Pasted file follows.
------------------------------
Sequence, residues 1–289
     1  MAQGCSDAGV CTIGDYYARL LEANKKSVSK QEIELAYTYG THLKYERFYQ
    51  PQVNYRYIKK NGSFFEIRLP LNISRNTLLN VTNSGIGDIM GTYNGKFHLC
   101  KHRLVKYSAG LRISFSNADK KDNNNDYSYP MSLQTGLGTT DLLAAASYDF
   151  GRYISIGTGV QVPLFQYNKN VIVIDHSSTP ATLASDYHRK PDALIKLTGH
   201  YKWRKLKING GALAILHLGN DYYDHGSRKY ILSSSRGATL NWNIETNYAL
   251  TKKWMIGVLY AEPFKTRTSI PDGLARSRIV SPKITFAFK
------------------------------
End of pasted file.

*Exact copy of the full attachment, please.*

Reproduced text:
Sequence, residues 1–289
     1  MAQGCSDAGV CTIGDYYARL LEANKKSVSK QEIELAYTYG THLKYERFYQ
    51  PQVNYRYIKK NGSFFEIRLP LNISRNTLLN VTNSGIGDIM GTYNGKFHLC
   101  KHRLVKYSAG LRISFSNADK KDNNNDYSYP MSLQTGLGTT DLLAAASYDF
   151  GRYISIGTGV QVPLFQYNKN VIVIDHSSTP ATLASDYHRK PDALIKLTGH
   201  YKWRKLKING GALAILHLGN DYYDHGSRKY ILSSSRGATL NWNIETNYAL
   251  TKKWMIGVLY AEPFKTRTSI PDGLARSRIV SPKITFAFK